Cancer victim spends final months fearing exile
A terminally-ill Queenstown man spent the last two months of his life worrying about being exiled to die.
Long-time local Malcolm “Ned” Kelly, 58, died at Lakes District Hospital in August as health officials were about to deport him to an out-of-town hospice – to free up LDH bed space.
“It was like, ‘OK, we’ve got to keep the [patient] numbers down here, let’s ship him out’,” his widow Sue says.
“It was as if we had an axe over our heads the whole time…that constant fear that he was going to be sent away – that’s what he died with.”
Malcolm, a long-serving Wakatipu Lion, battled bowel cancer for five years.
In the last 12 months of his life, he was admitted to LDH several times for a range of complications and side-effects.
During this time, doctors told the couple that Malcolm’s life expectancy could be anything from weeks to years.
Sue recalls: “We were getting mixed messages that he could last a long time and others were saying he could go at any moment.”
As a result, doctors raised the prospect of transferring him to either Cromwell’s Ripponburn Rest Home, Alexandra’s Ranui Home and Hospital or the Invercargill Hospice.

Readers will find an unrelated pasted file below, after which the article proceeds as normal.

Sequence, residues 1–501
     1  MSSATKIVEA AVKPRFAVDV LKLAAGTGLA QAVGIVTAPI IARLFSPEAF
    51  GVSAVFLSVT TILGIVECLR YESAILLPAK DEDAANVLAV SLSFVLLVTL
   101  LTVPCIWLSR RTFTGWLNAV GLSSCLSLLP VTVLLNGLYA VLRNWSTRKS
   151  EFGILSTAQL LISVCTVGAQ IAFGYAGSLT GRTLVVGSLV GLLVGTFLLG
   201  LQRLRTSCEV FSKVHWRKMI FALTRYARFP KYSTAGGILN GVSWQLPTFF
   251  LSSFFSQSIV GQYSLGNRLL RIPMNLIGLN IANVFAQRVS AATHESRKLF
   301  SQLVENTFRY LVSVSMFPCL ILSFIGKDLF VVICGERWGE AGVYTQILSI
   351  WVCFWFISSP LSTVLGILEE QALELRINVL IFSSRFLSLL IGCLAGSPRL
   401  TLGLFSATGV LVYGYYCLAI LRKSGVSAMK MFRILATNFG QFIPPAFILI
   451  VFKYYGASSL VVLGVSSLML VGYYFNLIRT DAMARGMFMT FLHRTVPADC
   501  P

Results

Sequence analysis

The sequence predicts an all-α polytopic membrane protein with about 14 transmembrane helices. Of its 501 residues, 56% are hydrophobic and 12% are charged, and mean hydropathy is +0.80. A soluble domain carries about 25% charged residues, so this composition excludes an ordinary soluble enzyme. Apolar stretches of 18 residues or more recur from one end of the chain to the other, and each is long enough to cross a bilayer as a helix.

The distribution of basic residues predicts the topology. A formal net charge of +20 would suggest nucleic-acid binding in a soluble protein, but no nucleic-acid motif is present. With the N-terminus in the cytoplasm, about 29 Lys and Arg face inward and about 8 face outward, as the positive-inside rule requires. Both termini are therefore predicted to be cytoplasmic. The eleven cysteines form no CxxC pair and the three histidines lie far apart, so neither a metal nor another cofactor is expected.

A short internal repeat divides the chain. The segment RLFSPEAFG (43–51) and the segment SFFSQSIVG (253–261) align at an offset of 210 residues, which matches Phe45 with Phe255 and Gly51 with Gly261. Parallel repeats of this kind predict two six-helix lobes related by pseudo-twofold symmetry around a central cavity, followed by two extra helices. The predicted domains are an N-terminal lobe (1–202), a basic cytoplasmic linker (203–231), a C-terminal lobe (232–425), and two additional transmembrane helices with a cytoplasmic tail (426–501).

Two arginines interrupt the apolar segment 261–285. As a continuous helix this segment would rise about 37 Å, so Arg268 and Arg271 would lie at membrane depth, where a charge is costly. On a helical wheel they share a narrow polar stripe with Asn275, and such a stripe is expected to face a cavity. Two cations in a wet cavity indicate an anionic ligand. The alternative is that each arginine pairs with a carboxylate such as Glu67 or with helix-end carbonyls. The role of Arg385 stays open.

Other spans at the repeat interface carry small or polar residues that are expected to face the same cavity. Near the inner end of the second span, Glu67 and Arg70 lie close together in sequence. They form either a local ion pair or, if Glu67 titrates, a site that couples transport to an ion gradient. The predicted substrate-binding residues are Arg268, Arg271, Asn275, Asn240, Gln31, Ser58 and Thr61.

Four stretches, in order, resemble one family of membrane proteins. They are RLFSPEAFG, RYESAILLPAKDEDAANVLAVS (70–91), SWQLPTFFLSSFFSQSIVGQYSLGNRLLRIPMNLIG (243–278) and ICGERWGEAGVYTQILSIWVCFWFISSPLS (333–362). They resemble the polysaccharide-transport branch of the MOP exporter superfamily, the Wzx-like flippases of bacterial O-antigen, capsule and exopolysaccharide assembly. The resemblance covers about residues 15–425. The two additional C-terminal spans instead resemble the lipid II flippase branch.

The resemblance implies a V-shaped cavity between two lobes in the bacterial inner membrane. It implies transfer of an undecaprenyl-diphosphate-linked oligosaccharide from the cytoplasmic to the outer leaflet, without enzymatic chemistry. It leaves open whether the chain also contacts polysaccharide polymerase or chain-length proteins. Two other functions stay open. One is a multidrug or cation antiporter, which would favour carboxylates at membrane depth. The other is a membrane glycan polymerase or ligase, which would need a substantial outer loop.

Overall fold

“It felt like we were being railroaded.”
Thinking the hospice was more “appropriate” than a resthome, the couple began getting used to the idea of their lives changing dramatically.
In July Sue reduced her hours at Queenstown Resort College, planning to drive between here and Invercargill each day.
“I just didn’t want Malcolm to be on his own and that was the only way I could see around it.
“The [health system’s] attitude was I should give up work to be with him.”
But Malcolm never got to Invercargill – he was admitted to LDH again in July and stayed there until his death on August 3.
“In some ways [the uncertainty] could have been another reason for him giving up in the end,” a tearful Sue says.
“He knew that it was creating a situation that he didn’t like and it did affect his last days.”
She believes there should be a purpose-built unit for terminally-ill patients next to Frankton’s Wakatipu Home for the Elderly on SDHB-owned land.
“That’s what I found so hard – people are being sent away from their main support to die, at a time when they need their families around them.”
Her sad story is the latest in a litany of Queenstown public health scandals emerging since Mountain Scene revealed in July that LDH is significantly under-funded by Southland District Health Board – with further cuts looming on the horizon.
A lack of resources at LDH means many local elderly have been deported over the past few years and Queenstown mums have also gone public with birthing and pregnancy horror stories.
The Wakatipu Health Trust, calling for a hospital shakeup, tonight releases a draft report that for the first time pinpoints glaring gaps in Queenstown public healthcare.